American Heritage® Dictionary of the English Language, Fourth Edition
- adj. Of, relating to, or possessing intellectual or spiritual knowledge.
- adj. Of or relating to Gnosticism.
- n. A believer in Gnosticism.
Century Dictionary and Cyclopedia
- Having knowledge; possessing mystic or esoteric knowledge of spiritual things.
- Worldly-wise; knowing; clever or smart.
- [capitalized] Pertaining to the Gnostics or to Gnosticism; cabalistic; theosophic.
- n. A member of one of certain rationalistic sects which arose in the Christian church in the first century, flourished in the second, and had almost entirely disappeared by the sixth. The Gnostics held that knowledge rather than faith was the road to heaven, and professed to have a peculiar knowledge of religious mysteries. They rejected the literal interpretation of the Scriptures, and attempted to combine their teachings with those of the Greek and Oriental philosophies and religions. They held that God was the unknowable and the unapproachable; that from him proceeded, by emanation, subordinate deities termed eons, from whom again proceeded other still inferior spirits. The Gnostics were in general agreed in believing in the principles of dualism and Docetism and in the existence of a demiurge or world-creator. Christ they regarded as a superior eon, who had descended from the Infinite God in order to subdue the god or eon of this world. Their chief seats were in Syria and Egypt, but their doctrines were taught everywhere, and at an early date they separated into a variety of sects.
- adj. Of, or relating to, intellectual or spiritual knowledge
- adj. Of, or relating to Gnosticism
- n. A believer in Gnosticism
GNU Webster's 1913
- adj. Old Slang Knowing; wise; shrewd.
- adj. (Eccl. Hist.) Of or pertaining to Gnosticism or its adherents.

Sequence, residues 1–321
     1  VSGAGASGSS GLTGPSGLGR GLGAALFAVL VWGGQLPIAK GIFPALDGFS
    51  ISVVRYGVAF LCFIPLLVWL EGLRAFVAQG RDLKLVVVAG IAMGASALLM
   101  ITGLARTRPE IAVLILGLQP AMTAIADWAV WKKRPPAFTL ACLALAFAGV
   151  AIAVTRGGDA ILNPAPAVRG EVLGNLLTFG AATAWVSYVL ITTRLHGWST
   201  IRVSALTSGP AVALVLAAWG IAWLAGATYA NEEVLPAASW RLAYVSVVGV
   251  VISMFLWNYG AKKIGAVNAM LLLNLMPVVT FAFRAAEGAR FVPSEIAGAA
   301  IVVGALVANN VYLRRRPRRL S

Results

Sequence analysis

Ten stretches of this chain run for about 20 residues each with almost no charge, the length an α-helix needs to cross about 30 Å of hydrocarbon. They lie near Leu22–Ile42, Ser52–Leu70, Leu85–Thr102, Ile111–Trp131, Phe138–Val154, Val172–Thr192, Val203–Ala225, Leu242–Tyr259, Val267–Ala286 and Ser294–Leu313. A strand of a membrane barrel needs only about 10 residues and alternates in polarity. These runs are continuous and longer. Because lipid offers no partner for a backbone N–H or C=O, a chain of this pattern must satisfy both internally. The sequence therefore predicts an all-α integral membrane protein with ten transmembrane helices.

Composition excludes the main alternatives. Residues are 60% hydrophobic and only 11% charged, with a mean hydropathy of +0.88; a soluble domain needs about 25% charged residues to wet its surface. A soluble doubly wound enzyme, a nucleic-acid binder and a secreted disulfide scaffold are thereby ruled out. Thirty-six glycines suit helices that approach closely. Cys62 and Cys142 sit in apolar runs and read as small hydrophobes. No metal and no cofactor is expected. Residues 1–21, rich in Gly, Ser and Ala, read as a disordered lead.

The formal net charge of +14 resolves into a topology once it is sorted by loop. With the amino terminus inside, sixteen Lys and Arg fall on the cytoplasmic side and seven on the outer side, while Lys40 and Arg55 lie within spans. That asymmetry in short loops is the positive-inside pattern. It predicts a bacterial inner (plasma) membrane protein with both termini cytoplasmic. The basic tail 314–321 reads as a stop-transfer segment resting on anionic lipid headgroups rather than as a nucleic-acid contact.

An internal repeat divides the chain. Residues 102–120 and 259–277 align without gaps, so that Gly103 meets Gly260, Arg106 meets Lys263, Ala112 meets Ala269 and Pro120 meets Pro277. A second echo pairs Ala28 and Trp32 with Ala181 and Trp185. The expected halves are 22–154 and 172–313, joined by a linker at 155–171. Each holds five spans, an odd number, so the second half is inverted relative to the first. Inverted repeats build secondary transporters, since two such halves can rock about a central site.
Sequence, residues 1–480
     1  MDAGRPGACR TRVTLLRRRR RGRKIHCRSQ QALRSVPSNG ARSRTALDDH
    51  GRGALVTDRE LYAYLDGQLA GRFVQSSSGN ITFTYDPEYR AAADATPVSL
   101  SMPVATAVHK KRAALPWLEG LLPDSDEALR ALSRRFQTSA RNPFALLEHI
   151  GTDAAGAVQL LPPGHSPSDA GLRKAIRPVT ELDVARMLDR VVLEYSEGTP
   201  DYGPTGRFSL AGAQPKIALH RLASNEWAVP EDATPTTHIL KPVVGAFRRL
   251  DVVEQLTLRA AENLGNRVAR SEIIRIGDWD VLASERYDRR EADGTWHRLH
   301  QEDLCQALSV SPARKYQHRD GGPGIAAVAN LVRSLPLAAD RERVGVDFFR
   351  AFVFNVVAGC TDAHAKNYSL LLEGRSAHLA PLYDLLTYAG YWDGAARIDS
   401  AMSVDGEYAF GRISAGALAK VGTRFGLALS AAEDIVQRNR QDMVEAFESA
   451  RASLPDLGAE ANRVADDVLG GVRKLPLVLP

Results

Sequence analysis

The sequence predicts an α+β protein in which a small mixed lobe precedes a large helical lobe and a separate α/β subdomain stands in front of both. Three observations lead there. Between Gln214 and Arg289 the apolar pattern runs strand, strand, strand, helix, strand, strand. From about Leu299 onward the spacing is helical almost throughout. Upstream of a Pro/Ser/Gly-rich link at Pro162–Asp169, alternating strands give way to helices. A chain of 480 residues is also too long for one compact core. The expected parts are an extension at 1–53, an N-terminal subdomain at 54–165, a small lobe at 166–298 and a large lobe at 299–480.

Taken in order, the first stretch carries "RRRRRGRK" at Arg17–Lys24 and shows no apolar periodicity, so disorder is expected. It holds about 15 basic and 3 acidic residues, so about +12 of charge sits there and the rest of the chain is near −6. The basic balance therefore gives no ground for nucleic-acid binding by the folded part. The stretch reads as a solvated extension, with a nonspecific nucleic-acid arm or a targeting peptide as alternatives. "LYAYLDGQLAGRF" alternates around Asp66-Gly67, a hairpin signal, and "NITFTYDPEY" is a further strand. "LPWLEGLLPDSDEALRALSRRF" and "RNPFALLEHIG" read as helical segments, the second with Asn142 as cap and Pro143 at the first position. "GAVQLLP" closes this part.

- n. (Eccl. Hist.) One of the so-called philosophers in the first ages of Christianity, who claimed a true philosophical interpretation of the Christian religion. Their system combined Oriental theology and Greek philosophy with the doctrines of Christianity. They held that all natures, intelligible, intellectual, and material, are derived from the Deity by successive emanations, which they called
- adj. possessing intellectual or esoteric knowledge of spiritual things
- adj. of or relating to Gnosticism
- n. an advocate of Gnosticism
- From Ancient Greek γνωστικός (gnōstikos, "relating to knowledge"), from γνωστός (gnōstos, "known"), from γιγνώσκω (gignōskō, "I know"). (Wiktionary)
- Late Latin Gnōsticus, a Gnostic, from Late Greek Gnōstikos, from Greek gnōstikos, concerning knowledge, from gnōsis, knowledge; see gnosis. (American Heritage® Dictionary of the English Language, Fourth Edition)
“Yet a clue as to why this should be so lies in the fact that the early Church Fathers regarded the word Gnostic as being synonymous with ‘heretic’—and Simon was a Gnostic although, not, as they believed, the founder of Gnosticism.”
“April DeConick on The Forbidden Gospels blog muses on a substitute for the term Gnostic - transtheism or supratheism, follows up her discussion and settles on transtheism.”
“It would be like calling someone a spic or a Hebe—the label Gnostic was made up by the same people who rejected them.”
“There is not the faintest sign that such words have any reference to what we call Gnostic terms.”
“Teacher, and supplies converts with practical precepts for their guidance; whilst in the Stromata, or Miscellanies, we have a description of what he calls the Gnostic or perfect Christian.”
“He also remains adamantly against what he calls Gnostic thinkers (prophets) and the movements that follow them.”
“MEYER: The word "Gnostic" comes from the Greek "gnosis," which means knowledge, but it's not the kind of knowledge that you simply get out of books, but, rather, it is mystical knowledge.”
“A small team aboard the ship Gnostic, is used to alter any uneventful outcome by playing off the Lild's religious foundations.”
“Haven, would frequently say to me that the great disaster of Kabbalah was its Neoplatonic scheme or myth of emanation — the sephirot — and that he greatly preferred what he called the Gnostic kabbalah of the early Merkavah mystics, which he thought had been renewed by Moses Cordovero, who was the teacher of”
“And so, coming down through the centuries, since the Christian time, you will find the word Gnostic used every now and again, but more often the term "Theosophist" and”
These user-created lists contain the word ‘Gnostic’.
These come from gamma meditation ,I think.
It's the way the letters combine to form an beautiful whole and the way its sound tickles the ear.
Looking for tweets for Gnostic.